A shortage of jet fuel, coupled with supply chain issues and an urgent demand from firefighting aircraft, continues to cause problems at airports around the West.
In Nevada, state and federal lawmakers said they are investigating a possible shortage of jet fuel that could delay cargo delivery and passenger travel at Reno-Tahoe International Airport in the coming days.
A spike in demand for jet fuel both by commercial airlines and from firefighting aircraft in Montana and the Pacific Northwest led to departure problems and daylong flight delays recently at Bozeman Yellowstone International Airport.
In California, recent flights in and out of Fresno Yosemite International Airport were disrupted by jet fuel shortages blamed on the lack of tanker truck driver deliveries.
Lawmakers said the Reno-Tahoe airport serving Nevada’s second largest metro area faces a shortage of jet fuel that could force the cancellation of cargo and passenger fights, potentially restricting the flow of tourists and essential goods into the northern part of the state.
Besides serving Reno, a popular gambling destination, the airport is the nearest passenger terminal to Lake Tahoe.
Nevada’s political leaders issued a statement late Saturday pledging to minimize disruption at the airport and ensure the aerial fight against Western wildfires isn’t hampered.
“To be clear, further failure to secure adequate fuel supplies is unacceptable,” wrote Gov. Steve Sisolak, U.S. Sens. Catherine Cortez Masto and Jacky Rosen, and U.S. Rep. Mark Amodei.
The Reno airport’s shortage is caused by a confluence of factors, including a scarcity of tanker truck drivers, said Stacey Sunday, a spokeswoman for the Reno-Tahoe Airport Authority.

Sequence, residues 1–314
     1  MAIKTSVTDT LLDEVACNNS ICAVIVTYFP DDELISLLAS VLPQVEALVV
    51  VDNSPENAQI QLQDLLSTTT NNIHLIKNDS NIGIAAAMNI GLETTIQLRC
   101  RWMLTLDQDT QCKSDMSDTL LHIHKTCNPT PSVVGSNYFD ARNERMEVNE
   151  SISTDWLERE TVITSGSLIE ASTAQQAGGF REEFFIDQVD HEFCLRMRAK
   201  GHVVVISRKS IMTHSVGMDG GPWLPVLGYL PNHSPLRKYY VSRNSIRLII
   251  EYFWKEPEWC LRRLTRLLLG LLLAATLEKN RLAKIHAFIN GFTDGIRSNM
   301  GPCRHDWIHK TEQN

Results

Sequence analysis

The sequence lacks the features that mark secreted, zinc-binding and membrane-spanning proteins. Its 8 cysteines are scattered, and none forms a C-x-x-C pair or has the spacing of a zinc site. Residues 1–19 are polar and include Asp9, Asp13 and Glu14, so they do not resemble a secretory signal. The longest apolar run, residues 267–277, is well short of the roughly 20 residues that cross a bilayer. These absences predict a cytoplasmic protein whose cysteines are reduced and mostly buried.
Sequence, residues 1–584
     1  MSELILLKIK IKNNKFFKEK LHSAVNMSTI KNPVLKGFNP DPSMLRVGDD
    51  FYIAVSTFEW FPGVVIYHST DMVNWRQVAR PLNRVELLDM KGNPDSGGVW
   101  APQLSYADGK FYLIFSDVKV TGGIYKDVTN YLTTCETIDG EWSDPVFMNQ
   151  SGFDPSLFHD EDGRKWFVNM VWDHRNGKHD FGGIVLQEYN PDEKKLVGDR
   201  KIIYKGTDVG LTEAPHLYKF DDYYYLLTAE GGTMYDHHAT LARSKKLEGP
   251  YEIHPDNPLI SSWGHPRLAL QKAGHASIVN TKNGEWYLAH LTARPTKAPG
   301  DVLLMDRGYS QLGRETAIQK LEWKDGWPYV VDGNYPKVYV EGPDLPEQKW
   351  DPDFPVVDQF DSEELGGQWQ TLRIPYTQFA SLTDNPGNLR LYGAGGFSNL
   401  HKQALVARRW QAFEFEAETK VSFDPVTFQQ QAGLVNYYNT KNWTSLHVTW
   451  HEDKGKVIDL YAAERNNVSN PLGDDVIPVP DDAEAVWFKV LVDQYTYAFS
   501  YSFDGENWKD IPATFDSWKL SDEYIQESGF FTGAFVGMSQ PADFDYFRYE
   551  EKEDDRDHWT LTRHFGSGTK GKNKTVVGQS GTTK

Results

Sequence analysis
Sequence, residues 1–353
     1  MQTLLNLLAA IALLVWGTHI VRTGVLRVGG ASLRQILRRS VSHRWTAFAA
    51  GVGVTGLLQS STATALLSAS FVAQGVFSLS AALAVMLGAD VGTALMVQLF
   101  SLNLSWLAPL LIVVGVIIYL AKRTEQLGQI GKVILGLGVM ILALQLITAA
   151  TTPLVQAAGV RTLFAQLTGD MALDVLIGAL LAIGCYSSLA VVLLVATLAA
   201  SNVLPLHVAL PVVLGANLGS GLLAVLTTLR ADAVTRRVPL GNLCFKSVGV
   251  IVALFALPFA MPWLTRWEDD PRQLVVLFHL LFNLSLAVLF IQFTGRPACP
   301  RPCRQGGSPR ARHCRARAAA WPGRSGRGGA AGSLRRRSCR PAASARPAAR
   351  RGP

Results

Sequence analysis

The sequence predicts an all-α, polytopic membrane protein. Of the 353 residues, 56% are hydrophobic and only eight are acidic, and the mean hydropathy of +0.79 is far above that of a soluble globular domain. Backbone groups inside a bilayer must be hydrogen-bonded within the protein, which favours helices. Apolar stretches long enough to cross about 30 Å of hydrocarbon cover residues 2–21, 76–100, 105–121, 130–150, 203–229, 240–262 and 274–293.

“There’s just nobody available to drive the trucks of fuel in here,” and it’s hard to predict long the shortage will last, Sunday said.
Reno-Tahoe’s longest runway also is under construction, limiting how much extra fuel airlines can load onto inbound flights because heavier loads require longer stopping distances.
Elsewhere, Wyoming Gov. Mark Gordon is allowing truck drivers to work longer hours while they deliver fuel that might be needed for firefighting aircraft elsewhere.
So far this summer, Wyoming hasn’t had significant fuel shortages or major wildfires.
Other Western governors including South Dakota’s Kristi Noem have signed similar orders, although Gordon’s still prohibits truck drivers from driving when tired. Government rules usually limit truck drivers’ road hours to prevent fatigue-related accidents.
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